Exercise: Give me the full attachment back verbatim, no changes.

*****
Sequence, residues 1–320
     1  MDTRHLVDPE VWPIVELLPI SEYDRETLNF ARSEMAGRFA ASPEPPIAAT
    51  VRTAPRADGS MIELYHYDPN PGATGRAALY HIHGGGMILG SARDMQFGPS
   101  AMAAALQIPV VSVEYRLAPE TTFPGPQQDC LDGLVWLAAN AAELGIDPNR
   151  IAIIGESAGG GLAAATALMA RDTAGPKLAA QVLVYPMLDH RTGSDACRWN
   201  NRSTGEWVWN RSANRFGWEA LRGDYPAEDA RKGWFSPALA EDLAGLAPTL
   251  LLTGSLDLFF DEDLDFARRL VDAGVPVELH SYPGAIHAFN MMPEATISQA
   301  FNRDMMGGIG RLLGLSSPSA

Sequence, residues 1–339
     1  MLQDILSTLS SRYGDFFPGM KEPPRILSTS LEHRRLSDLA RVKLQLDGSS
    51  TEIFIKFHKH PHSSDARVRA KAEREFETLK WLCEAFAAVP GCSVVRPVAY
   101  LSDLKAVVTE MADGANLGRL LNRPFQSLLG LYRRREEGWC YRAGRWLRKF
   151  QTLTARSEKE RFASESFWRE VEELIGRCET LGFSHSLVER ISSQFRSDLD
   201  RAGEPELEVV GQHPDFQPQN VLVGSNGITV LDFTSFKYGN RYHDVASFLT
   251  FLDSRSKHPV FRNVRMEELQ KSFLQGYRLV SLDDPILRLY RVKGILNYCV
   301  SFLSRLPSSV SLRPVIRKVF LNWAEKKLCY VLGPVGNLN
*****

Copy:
Sequence, residues 1–320
     1  MDTRHLVDPE VWPIVELLPI SEYDRETLNF ARSEMAGRFA ASPEPPIAAT
    51  VRTAPRADGS MIELYHYDPN PGATGRAALY HIHGGGMILG SARDMQFGPS
   101  AMAAALQIPV VSVEYRLAPE TTFPGPQQDC LDGLVWLAAN AAELGIDPNR
   151  IAIIGESAGG GLAAATALMA RDTAGPKLAA QVLVYPMLDH RTGSDACRWN
   201  NRSTGEWVWN RSANRFGWEA LRGDYPAEDA RKGWFSPALA EDLAGLAPTL
   251  LLTGSLDLFF DEDLDFARRL VDAGVPVELH SYPGAIHAFN MMPEATISQA
   301  FNRDMMGGIG RLLGLSSPSA

Sequence, residues 1–339
     1  MLQDILSTLS SRYGDFFPGM KEPPRILSTS LEHRRLSDLA RVKLQLDGSS
    51  TEIFIKFHKH PHSSDARVRA KAEREFETLK WLCEAFAAVP GCSVVRPVAY
   101  LSDLKAVVTE MADGANLGRL LNRPFQSLLG LYRRREEGWC YRAGRWLRKF
   151  QTLTARSEKE RFASESFWRE VEELIGRCET LGFSHSLVER ISSQFRSDLD
   201  RAGEPELEVV GQHPDFQPQN VLVGSNGITV LDFTSFKYGN RYHDVASFLT
   251  FLDSRSKHPV FRNVRMEELQ KSFLQGYRLV SLDDPILRLY RVKGILNYCV
   301  SFLSRLPSSV SLRPVIRKVF LNWAEKKLCY VLGPVGNLN